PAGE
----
Monday, 9 April 2018

Extinct monitor lizard had four eyes, fossil evidence shows



Date:  April 2, 2018
Source:  Cell Press

Summary:
Researchers reporting in Current Biology on April 2 have evidence that an extinct species of monitor lizard had four eyes, a first among known jawed vertebrates. Today, only the jawless lampreys have four eyes.

The third and fourth eyes refer to pineal and parapineal organs, eye-like photosensory structures on the top of the head that play key roles in orientation and in circadian and annual cycles. The new findings help to elucidate the evolutionary history of these structures among vertebrates.

The photosensitive pineal organ is found in a number of lower vertebrates such as fishes and frogs, the researchers explain. It's often referred to as the "third eye" and was widespread in primitive vertebrates.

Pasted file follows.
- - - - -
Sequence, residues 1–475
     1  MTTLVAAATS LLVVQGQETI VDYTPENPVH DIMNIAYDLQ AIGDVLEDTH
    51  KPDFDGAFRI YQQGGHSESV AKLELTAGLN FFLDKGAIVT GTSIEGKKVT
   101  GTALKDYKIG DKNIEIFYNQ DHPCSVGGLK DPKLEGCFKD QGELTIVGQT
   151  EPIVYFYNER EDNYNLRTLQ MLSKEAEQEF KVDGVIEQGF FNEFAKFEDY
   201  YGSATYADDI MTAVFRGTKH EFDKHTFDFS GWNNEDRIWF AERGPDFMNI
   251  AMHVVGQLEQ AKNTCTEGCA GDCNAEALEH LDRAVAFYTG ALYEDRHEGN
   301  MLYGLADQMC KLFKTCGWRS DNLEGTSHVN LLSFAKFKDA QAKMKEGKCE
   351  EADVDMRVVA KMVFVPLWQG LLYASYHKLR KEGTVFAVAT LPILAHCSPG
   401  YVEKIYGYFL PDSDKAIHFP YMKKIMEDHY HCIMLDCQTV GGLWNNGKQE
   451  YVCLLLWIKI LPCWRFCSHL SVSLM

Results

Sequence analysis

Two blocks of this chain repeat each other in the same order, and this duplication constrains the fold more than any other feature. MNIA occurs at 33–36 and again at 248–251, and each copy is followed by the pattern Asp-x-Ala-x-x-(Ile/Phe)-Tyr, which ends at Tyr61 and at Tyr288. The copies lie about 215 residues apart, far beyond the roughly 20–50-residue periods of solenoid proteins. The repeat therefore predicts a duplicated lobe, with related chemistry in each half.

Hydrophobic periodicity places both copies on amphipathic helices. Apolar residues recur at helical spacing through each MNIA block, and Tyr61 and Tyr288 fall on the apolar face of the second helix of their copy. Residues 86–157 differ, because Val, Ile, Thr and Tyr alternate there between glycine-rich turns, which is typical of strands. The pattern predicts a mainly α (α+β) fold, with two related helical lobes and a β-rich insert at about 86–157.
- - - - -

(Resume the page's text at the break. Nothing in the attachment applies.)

"On the one hand, there was this idea that the third eye was simply reduced independently in many different vertebrate groups such as mammals and birds and is retained only in lizards among fully land-dwelling vertebrates," says Krister Smith at the Senckenberg Research Institute in Germany. "On the other hand, there was this idea that the lizard third eye developed from a different organ, called the parapineal, which is well developed in lampreys. These two ideas didn't really cohere.

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